In H. Cartan's Differential Calculus, Theorem 3.1.1 is called the Mean Value Theorem and is stated as:
Theorem: Let $f:[a,b]\to\mathbf R^n$ and $g:[a,b]\to\mathbf R$ be two functions which are continuous on $[a,b]$ and differentiable on $(a,b)$. Assume that $\|f'(x)\|\leq g'(x)$ for all $x\in(a,b)$. Then $\|f(b)-f(a)\|\leq g(b)-g(a)$.
On the other hand, the universally known (Lagrange's) Mean Value Theorem states that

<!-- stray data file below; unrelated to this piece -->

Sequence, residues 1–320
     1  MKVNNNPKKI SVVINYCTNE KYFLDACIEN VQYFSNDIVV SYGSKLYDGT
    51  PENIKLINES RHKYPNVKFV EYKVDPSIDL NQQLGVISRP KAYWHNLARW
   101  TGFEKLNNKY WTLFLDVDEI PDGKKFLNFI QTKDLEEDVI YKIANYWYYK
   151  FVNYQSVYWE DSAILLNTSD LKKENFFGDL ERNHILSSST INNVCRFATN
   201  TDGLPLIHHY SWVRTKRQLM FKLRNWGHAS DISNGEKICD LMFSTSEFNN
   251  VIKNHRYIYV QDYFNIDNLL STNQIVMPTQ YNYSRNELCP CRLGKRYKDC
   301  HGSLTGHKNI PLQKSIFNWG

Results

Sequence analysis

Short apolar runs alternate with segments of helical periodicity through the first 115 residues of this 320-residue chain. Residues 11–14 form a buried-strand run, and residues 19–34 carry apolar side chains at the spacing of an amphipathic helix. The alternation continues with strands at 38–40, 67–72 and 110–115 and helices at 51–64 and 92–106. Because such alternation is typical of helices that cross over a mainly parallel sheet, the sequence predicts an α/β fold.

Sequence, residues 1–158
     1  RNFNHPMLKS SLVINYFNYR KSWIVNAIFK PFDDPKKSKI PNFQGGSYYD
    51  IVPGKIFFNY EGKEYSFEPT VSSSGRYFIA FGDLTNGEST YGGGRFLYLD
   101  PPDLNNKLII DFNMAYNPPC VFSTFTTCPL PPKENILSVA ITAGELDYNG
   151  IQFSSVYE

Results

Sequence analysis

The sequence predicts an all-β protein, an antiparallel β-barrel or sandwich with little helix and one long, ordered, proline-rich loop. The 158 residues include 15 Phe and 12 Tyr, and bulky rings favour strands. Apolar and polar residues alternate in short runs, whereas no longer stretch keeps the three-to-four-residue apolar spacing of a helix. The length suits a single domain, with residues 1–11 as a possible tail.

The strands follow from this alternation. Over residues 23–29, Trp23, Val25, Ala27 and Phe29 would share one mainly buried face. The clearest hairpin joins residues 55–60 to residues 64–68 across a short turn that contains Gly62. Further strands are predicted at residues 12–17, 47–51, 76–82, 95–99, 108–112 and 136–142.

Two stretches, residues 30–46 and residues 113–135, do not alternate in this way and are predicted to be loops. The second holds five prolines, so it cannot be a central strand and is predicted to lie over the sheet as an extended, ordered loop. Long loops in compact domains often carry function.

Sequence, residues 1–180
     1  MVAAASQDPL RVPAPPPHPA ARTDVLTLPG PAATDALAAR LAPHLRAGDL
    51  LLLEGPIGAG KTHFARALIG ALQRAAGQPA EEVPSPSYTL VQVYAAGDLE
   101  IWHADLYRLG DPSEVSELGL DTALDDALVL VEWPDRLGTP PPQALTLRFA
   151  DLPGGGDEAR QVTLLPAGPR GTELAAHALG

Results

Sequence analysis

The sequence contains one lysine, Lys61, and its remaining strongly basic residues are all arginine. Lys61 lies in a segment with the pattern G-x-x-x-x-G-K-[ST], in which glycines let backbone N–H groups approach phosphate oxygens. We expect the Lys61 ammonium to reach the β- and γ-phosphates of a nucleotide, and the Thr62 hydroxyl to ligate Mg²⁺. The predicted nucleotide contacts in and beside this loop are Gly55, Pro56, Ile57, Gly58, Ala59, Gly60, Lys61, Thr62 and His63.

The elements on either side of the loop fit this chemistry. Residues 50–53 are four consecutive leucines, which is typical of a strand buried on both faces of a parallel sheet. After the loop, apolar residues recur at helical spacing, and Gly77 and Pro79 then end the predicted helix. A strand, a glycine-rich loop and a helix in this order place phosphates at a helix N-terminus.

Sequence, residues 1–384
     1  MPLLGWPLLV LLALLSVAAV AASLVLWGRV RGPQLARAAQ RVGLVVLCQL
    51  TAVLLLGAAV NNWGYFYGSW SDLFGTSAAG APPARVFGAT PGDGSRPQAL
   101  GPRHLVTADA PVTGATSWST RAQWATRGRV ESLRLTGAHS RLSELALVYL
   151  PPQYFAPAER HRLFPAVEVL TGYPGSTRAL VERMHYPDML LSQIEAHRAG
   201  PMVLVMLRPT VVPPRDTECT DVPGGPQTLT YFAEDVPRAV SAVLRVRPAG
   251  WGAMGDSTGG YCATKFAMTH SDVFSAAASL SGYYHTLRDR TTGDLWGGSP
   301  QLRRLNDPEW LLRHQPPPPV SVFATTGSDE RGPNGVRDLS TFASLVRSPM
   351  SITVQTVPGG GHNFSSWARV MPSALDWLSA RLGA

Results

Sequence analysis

Theorem: Let $f:[a,b]\to\mathbf R$ be a function which is continuous on $[a,b]$ and differentiable on $(a,b)$. Then there exists $c\in(a,b)$ such that $(f(b)-f(a))/(b-a)=f'(c)$.
Since they are both being called Mean Value Theorems, I think may be one follows easily from the other.
But I fail to see the connection.
Can somebody please shed some light on this.